Habeco reports lowest profit in four years

17:43 | 12/02/2019
Habeco recorded a consecutive decline in profit in its financial report in the fourth quarter of 2018, going against the current of general growth in the market as Vietnamese people are still one of the largest beer consumers in the world.
habeco reports lowest profit in four years
Habeco is going against the general trend with its shrinking profits

Habeco (HSX: BHN) published on its website the financial report for the fourth quarter of 2018. Accodingly, the company’s gross profit was VND2.53 trillion ($110 million), slightly down 2.5 per cent compared to 2017. However, after-tax profit fell by 92 per cent to only VND9.9 billion ($430,434), while the figure for 2017 was VND123.41 billion ($5.37 million).

The report explained that the decrease in profit was due to increasing expenses, especially sales expenses which increased by VND85 billion ($3.7 million) to VND469 billion ($20.39 million). This included a VND73 billion ($3.2 million) increase in advertising, promotion, and support expenses to VND305 billion ($13.26 million). Although Habeco has spent a great deal on advertising in the last quarter of 2018, the desired effect eluded them.

Habeco’s gross profit in the fourth quarter of 2018 was VND557.36 billion ($24.23 million – 22 per cent), while this was VND635.31 billion ($27.62 million – 24.5 per cent) in the last quarter of 2017.

In total, Habeco recorded a net revenue of VND9.31 trillion ($404.78 million) in 2018, down 5 per cent. Pre-tax profit was VND666.7 billion ($28.99 million), down 23 per cent. After-tax profit was VND518.6 billion ($22.55 million), down 21 per cent compared to the previous year and was the fourth consecutive year that Habeco’s profit declined.

habeco reports lowest profit in four years

Vietnam's annual beer consumption leads in Southeast Asia and is ranked the third in Asia, after China and Japan, bringing good profit for beer producers.

The average beer consumption in Vietnam is expected to increase by 65 per cent by 2021. Vietnamese people spend about $3.4 billion per year on beer, at an average of $300 per person.

The Vietnam Beverage Association (VBA) stated that on average, Vietnamese people drank nearly 45 litres of beer during 2017, according to CafeF.

Since 2016, with the beer consumption of 4.1 billion litres, Vietnam surpassed Poland to become the ninth largest beer consumption market in the world.

habeco reports lowest profit in four years
Global beer consumption by country in 2016. Source: Kirin Holdings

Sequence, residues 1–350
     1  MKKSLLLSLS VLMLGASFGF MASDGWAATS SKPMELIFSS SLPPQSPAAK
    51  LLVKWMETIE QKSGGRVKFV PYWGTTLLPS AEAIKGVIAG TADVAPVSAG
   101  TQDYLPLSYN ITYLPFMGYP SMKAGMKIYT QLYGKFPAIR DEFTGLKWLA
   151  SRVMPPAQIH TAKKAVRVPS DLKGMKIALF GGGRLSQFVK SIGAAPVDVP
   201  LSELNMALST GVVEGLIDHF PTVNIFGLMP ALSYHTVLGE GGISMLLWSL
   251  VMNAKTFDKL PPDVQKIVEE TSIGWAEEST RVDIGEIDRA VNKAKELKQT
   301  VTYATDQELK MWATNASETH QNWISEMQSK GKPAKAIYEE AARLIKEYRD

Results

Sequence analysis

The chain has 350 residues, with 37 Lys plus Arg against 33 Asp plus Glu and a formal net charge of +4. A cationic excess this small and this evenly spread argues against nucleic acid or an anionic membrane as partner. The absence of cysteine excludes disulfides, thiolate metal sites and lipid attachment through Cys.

According to Kirin Holdings, Asia remained the top beer-consuming region, led by increasing thirst in India, Vietnam, and South Korea, where consumption grew by 9.9, 7.4, and 1 per cent, respectively.

As the Vietnamese beer market grows steadily, Habeco’s decreasing profit could be due to changing consumer tastes. Habeco’s beer products are mostly in the mid-range segment. However, in recent years, consumers are drifting towards higher-end products and this has significantly affected Habeco's market share.

In 2014-2017, the compounded annual growth rate (CAGR) of the high-end segment has reached 15 per cent, whereas the CAGR of the low-price segment was only 4.8 per cent, showing that Vietnamese people are developing a taste for more expensive, higher-quality products.

Although Habeco holds the largest market share in the north, it is being challenged by changing consumer taste and competitive pressure from foreign beer brands. Habeco could only maintain its market share in the low-price segment, while the premium beer market is firmly in the hands of Heineken, Saigon Beer, and foreign brands.

According to a report by Viet Capital Securities (VCSC), by the end of 2017, Habeco's market share had been decreasing continuously for six years, shrinking from nearly 20 per cent in 2010 to 18 per cent.

One factor behind Habeco’s decline may be the state divestment which is beset by numerous obstacles. Currently, the Ministry of Industry and Trade is still a major shareholder with nearly 82 per cent of Habeco shares.

Although Habeco has been working on the state divestment for several years, it has yet to achieve an agreement with Carlsberg, which is looking to acquire a majority stake in the brewer. The biggest problem of this deal is probably the price.

By Tan Duong

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